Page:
SCOTSMEN AND CURRANTS [To the Editor of the SPECTATOR.] SIR,—I
see that Sir William Arbuthnot Lane, himself a Scot, has been attacking Scotch oatmeal porridge and saying that better Scotsmen could be produced if we gave up our national oatmeal and ate instead wheatmeal porridge with currants in it. Maybe this is true, but quite apart from the question whether it is desirable or possible to produce better Scots, does he not know that currants are already as much a national food of the Scots as the porridge he would reform ? I think most of your readers will support me in this.
From time immemorial Scotch cakes have been the best in the world—even English and Irish housewives will admit that—and it is not without significance that the first food eaten in every Scotch home as the clock strikes in the New Year is black currant bun. Ever since I was a youngster I can remember it.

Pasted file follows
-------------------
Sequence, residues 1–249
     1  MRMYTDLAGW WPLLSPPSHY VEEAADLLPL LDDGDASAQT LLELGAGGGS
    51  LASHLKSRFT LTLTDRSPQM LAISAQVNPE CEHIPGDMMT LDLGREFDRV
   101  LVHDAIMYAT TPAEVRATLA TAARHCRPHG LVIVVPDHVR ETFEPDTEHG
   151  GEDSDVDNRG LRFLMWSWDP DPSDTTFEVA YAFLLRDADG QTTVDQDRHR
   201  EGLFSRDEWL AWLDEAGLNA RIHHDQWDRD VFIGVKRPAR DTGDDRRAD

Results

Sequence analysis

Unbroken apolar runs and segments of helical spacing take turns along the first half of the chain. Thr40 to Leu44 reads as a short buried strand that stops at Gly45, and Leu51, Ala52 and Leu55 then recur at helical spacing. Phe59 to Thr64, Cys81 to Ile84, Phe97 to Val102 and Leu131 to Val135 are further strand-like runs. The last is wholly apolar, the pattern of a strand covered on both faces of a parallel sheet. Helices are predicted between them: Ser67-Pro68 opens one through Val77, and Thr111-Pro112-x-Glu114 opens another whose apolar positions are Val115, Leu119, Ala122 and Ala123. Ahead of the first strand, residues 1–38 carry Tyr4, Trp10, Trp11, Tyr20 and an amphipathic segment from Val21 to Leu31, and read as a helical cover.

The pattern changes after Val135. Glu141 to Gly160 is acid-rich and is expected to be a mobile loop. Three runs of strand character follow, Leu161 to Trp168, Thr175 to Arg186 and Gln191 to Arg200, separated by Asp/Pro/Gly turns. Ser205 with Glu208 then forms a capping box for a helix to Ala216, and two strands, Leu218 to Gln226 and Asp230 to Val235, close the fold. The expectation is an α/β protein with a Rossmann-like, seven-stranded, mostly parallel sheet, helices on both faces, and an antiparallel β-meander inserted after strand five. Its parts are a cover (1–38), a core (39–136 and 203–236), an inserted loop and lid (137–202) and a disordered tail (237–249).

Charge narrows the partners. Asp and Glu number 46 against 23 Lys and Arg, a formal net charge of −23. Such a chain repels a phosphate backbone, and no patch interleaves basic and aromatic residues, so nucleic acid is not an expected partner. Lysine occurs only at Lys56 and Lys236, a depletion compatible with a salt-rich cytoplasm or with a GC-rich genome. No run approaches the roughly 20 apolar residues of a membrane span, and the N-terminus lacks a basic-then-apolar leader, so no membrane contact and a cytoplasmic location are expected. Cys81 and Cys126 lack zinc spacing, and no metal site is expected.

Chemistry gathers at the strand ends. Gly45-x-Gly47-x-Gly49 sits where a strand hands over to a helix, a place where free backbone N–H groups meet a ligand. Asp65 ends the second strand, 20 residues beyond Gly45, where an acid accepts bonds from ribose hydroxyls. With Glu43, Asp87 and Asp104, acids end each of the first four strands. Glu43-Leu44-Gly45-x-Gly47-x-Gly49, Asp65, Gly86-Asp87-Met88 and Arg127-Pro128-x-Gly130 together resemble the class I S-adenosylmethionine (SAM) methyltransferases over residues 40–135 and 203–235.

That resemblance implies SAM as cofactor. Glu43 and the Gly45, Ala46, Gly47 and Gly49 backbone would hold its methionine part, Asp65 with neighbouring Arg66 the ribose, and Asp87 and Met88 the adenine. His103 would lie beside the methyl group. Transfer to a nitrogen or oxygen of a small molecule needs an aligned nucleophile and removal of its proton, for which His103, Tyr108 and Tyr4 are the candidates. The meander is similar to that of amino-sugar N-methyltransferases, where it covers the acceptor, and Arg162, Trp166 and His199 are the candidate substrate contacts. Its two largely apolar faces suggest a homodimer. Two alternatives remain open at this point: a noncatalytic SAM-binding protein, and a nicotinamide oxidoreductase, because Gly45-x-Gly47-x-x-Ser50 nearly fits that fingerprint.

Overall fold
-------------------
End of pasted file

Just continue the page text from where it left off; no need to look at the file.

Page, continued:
I think Scotland might well reply to Sir William's sally by suggesting to the New Health Society that it introduce the charming currant bun habit into the more austere New Year festivals in English homes.—I am, Sir, &e., Wm. FYFFE.
The Hippodrome, Manchester.